champions.

Key Achievements

• Revegetating degraded land on 2 farms with 7.5ha of local native vegetation;
• Conservation of the Mia Moon nature reserve through protection bollards and visitors signage showcasing ecology of reserve;
• Engagement of Aboriginal Yued Works crew to Work on Country;

Community engagement activities included:

• Mia Moon reserve interpretive walk to raise awareness of native flora, reserve history and Aboriginal culture;
• Traditional Aboriginal knowledge sharing with Noongar culture event and activities through Bindi Bindi Dreaming with Lancelin and Calingiri Primary schools
• Bat box making and night stalk event with batman Joe Tonga at Calingiri Primary school;
• Importance of roadside vegetation information session with esteemed ecologist Eddy Wajon at The Last Stand event seminar;

Graham Johnson fences of remnant bushland
Phil Barrett-Lennard and his new strategically planted native revegetation
Mia Moon reserve wildflower walk 10.09.2019
Eddy Wajon speaks about roadside vegetation at The Last Stand 05.09.2018

Amount Funded – $45,000

Co-contributions – $95,112

Project Value – $140,112

 

NLP 20MTR3-70 Carnaby’s habitat in the Moore Catchment

NLP 20MTR3-70 Carnaby’s habitat in the Moore Catchment

Carnaby’s Black Cockatoo (Calyptorhynchus latirostris) are endemic to WA but are rapidly in decline with total population estimates to be less than 60,000.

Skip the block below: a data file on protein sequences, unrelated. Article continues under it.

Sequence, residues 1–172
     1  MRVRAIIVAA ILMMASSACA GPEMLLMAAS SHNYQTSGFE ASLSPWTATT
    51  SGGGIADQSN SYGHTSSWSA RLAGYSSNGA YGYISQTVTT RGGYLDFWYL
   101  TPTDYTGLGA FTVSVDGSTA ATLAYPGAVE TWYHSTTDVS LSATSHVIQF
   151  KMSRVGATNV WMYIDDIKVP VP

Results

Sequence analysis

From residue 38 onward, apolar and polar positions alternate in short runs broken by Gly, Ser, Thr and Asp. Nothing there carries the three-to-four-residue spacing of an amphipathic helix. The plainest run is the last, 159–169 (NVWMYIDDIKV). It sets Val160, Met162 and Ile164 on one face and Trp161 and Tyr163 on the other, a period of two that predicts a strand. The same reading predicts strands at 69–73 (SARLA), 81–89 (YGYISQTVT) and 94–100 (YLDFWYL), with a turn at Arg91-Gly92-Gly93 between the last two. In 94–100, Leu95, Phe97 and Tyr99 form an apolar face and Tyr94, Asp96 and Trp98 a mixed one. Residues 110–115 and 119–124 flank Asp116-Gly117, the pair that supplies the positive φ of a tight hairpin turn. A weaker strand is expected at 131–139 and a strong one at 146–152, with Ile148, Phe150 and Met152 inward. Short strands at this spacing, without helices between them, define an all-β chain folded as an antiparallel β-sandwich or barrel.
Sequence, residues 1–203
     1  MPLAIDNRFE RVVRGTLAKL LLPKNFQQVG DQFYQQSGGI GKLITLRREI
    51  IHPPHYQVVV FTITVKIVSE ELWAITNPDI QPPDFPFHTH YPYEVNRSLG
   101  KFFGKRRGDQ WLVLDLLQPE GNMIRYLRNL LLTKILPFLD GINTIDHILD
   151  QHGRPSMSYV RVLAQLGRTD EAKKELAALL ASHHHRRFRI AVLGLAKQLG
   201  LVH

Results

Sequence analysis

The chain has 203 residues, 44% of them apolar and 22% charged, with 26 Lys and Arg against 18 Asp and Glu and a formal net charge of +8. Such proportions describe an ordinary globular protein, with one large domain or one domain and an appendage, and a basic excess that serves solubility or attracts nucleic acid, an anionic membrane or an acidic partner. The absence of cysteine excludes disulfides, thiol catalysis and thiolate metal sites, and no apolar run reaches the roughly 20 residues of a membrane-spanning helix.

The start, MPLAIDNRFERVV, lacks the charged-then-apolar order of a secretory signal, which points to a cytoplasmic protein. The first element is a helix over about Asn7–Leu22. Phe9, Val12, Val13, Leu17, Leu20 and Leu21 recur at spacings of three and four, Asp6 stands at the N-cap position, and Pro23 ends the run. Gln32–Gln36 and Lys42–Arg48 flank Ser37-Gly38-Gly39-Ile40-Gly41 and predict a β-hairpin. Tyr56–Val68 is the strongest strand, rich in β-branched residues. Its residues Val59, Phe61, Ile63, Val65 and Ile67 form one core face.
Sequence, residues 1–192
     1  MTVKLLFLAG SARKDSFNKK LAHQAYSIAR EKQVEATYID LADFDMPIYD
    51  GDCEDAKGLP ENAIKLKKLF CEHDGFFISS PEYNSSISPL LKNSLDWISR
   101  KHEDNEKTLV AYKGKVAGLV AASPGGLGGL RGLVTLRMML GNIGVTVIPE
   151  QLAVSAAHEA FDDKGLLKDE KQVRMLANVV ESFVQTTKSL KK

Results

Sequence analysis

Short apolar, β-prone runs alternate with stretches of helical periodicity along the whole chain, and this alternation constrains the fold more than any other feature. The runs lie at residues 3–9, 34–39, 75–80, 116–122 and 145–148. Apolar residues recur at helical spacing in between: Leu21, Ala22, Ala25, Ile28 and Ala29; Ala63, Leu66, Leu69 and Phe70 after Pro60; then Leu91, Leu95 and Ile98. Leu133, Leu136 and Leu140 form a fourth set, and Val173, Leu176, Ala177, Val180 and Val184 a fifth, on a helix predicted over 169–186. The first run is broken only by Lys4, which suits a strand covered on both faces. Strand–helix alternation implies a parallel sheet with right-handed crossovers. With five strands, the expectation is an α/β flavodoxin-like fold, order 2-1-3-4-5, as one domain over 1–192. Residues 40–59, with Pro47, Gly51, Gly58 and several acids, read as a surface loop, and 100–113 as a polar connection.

The Moore River Catchment has 7 of the 23 designated Important Bird Areas (IBAs) that support Carnaby’s.

Unfortunately past and continuing clearing of Carnaby’s breeding and forage habitat is threatening their future survival.

This project aims to increase Carnaby’s Black Cockatoo numbers through increasing and connecting priority breeding and forage Swan Banksia woodland and Wheatbelt Eucalypt woodland habitat. Planting will take place at 7 sites on 5 farms, and include engaging a local Working on Country Yued planting team.

Cudoralcarra lake rehabilitation progress March 2020

Amount Funded – $100,000.00

Project Value –

NACC 1815-06C-04 Guilderton Pyp Grass Management works program stage 2

NACC 1815-06C-04 Guilderton Pyp Grass Management works program stage 2

Sections of the primary dune system located at Guilderton are currently being degraded by infestations of Pyp grass and the biodiversity of surrounding vegetation is being undermined as a result of the spread of this invasive weed.